And we’re go for Sochi :D :D

It looks like the accreditation for the Ukrainian Wikinewsies has arrived in Kiev.  Despite paying €48 for expedited mail, it arrived two weeks after it was sent.  (This doesn’t mean the Ukrainians have the accreditation, merely that the accreditation got off the plane.) The accreditation arrived today. The Ukrainians got a grant from the Wikimedia Foundation to cover their Sochi expenses.  They have their travel arranged.

I’ve got my transportation booked.  I should have a “lovely” train ride across Russia, (30 hours, third class seat) but the experience should still be awesome.  I’ve got a hotel booked.  I’m seriously thinking about packing.  I’m working on a todo list and remember this fact list.

Remember:

1. Before getting on the train, I will need to go to the ticket desk and exchange my internet ticket for a paper ticket for the train.
2.  Meals on the train cost about €15.
3. Train bathrooms apparently get dirty quickly after leaving the station.
4. The fare on the express train on the route Domodedovo – Paveletskiy station, Vnukovo is about 640 rubles round trip.

To do list:
1. Print out basic Russian phrases for pointing at to get service.
2. Figure out where my seats on the train actually are.
3. Buy bottled water before getting on the train.  Bring snacks for the train.  Food options are limited.
4. Pack some baby-tissues, toothpaste and toothbrush.

Outside of that, I’ve updated Wikinews:Sochi Paralympic Games, and posted on the watercooler for Wikinews to let potential reviewers know what is going on.  I’m also trying to work on a copyright notice for all my pictures for Wikinews.  I am having some problems with the template.  Any assistance in fixing this would be appreciated.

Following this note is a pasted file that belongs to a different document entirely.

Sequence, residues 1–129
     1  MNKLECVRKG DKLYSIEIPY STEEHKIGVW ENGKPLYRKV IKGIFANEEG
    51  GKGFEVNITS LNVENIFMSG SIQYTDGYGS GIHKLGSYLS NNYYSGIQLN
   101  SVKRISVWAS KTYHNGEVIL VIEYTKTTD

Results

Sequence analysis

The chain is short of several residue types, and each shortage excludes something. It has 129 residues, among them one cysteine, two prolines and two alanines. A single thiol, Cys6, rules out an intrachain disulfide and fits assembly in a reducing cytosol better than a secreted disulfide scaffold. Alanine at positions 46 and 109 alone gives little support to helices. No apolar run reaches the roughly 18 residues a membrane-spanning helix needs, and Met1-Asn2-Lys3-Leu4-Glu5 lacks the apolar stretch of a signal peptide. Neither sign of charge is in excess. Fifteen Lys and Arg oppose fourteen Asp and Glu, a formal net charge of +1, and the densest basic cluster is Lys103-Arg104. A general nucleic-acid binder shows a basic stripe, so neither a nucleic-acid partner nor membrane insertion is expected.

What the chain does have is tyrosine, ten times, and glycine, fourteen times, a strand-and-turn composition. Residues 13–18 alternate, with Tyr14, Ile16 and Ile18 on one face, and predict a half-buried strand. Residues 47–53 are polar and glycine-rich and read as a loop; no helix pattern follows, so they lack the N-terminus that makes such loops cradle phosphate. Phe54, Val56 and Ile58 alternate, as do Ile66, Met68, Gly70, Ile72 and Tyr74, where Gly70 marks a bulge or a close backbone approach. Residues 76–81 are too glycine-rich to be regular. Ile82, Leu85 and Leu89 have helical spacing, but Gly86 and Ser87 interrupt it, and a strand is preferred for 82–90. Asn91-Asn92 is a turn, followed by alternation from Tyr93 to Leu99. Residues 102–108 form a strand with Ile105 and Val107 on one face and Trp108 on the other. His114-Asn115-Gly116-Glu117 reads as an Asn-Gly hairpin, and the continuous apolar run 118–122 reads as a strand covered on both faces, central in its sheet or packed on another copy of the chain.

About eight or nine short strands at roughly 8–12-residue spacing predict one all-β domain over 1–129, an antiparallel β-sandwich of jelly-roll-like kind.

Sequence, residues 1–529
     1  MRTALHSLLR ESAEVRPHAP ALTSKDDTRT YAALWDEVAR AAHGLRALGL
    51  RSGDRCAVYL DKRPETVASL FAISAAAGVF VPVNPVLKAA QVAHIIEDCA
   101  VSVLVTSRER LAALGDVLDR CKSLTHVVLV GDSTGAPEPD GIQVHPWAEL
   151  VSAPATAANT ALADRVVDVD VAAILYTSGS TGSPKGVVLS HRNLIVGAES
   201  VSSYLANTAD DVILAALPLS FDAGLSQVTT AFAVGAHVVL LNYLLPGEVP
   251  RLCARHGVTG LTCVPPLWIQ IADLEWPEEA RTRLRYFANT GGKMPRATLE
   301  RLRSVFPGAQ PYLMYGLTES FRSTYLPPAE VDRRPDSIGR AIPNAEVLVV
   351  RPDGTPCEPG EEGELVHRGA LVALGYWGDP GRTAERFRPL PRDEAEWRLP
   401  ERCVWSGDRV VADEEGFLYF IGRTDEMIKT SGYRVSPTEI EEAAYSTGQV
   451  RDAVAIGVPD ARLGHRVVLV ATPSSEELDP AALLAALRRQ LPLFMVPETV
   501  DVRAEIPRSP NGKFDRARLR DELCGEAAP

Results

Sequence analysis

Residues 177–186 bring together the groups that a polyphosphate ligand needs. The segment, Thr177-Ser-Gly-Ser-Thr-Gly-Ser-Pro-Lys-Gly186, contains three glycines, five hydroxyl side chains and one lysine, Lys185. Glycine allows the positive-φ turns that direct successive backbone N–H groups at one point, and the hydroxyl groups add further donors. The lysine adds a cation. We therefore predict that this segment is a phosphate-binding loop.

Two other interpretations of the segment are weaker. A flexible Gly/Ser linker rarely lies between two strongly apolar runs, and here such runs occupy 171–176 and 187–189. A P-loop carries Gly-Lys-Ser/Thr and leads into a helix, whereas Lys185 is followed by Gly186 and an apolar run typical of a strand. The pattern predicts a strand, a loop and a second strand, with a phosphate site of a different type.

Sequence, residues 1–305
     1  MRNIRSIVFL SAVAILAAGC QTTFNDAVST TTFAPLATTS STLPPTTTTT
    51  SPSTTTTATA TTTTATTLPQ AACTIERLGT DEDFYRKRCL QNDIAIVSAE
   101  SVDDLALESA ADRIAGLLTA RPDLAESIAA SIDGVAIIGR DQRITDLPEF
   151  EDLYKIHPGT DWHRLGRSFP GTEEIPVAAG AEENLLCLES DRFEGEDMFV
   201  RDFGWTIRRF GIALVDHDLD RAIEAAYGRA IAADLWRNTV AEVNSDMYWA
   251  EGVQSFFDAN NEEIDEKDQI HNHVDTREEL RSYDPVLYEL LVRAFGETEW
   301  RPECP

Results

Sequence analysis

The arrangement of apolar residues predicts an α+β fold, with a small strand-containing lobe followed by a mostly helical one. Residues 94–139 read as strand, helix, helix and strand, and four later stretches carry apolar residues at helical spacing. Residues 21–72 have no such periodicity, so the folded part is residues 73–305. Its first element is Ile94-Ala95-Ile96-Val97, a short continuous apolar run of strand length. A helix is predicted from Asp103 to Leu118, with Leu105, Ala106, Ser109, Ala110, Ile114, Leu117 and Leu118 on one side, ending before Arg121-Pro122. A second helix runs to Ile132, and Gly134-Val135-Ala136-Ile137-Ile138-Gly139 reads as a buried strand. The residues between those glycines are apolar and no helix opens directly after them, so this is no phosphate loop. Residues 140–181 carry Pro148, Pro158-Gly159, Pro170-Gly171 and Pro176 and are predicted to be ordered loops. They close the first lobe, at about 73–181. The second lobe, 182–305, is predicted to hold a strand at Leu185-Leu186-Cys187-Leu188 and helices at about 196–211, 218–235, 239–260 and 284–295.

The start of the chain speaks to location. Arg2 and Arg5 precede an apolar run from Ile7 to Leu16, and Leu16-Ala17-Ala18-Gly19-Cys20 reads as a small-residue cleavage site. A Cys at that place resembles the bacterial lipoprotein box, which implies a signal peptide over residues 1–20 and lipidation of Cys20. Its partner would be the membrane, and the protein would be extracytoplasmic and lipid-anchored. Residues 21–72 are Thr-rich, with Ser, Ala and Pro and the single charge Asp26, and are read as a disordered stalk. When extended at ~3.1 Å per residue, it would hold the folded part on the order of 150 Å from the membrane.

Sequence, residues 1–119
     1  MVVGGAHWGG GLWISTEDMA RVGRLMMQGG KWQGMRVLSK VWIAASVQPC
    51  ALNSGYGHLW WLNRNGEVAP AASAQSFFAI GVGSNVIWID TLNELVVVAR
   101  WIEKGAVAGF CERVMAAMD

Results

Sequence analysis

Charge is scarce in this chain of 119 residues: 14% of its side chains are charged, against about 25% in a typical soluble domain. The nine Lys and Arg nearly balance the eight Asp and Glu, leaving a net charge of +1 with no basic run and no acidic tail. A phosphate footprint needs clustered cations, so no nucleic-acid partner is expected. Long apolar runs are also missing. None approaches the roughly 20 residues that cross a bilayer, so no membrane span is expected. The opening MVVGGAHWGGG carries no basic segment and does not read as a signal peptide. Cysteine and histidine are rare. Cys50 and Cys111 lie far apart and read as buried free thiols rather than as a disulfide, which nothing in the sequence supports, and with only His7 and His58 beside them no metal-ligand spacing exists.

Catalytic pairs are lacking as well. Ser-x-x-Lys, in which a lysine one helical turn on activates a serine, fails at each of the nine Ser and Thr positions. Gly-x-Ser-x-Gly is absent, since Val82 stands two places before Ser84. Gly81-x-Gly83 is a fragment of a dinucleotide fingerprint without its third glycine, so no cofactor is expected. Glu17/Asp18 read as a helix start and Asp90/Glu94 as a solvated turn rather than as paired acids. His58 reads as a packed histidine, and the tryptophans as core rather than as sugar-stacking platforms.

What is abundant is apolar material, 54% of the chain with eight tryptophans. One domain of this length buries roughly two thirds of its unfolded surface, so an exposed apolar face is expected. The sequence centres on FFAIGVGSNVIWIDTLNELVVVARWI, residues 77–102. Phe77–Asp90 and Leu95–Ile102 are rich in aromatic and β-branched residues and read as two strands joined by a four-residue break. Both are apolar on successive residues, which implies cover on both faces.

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Ukrainian civil unrest and Sochi reporting

Burning barricade in front of the main entrance of the internal military forces in Lviv on street. Stryyska . The night of the 18 February. Creative Commons Attribution 3.0 Unported. Photograoher: Aeou.

Since September, I have been preparing to go to the Sochi Paralympic Games with a Wikimedia crew composed of Ukrainians. I met one of them at the Wikimedia Central European Conference.  My personal experiences with the chapter have been pretty good, and I cannot say enough nice things about the person in their chapter coordinating things.

Last week, media accreditation for Sochi arrived and I needed to send it to Kiev for my Ukrainian Wikinews/Wikimedia counterparts.  Because the Games are so soon, I paid a lot extra to get them delivered quickly. €48 to get them delivered by today at the latest.  The Spanish postal worker who handled the mailing at the counter cautioned that they might be slightly delayed because of the civil unrest but should not ultimately interfere with their delivery because these things rarely impact mail delivery.  (And given Spanish history, I was very willing to take his word about this.)

Guess which post office got seized by protesters today?  Yep.  That would be Kiev.  I’ve looked at my tracking number for my delivery all day. It didn’t get delivered. 😦  I’m hoping that my mail did not need to go through that post office.

I’ve got tremendous sympathy for my Ukrainian acquaintances and friends in Wikimedia Ukraine.  The country is becoming more politically unstable, and the people involved are managing to deal with their obligations in the movement, manage to get to work, and some are volunteering to help in other areas of their society in response to the civil unrest.  The situation is sad, especially given the deaths that have taken place.  I hope my friends and acquaintance stay safe.

To learn more about the situation, February 2014 Euromaidan riots (English) and Протистояння в Україні з 18 лютого 2014 (Ukrainian).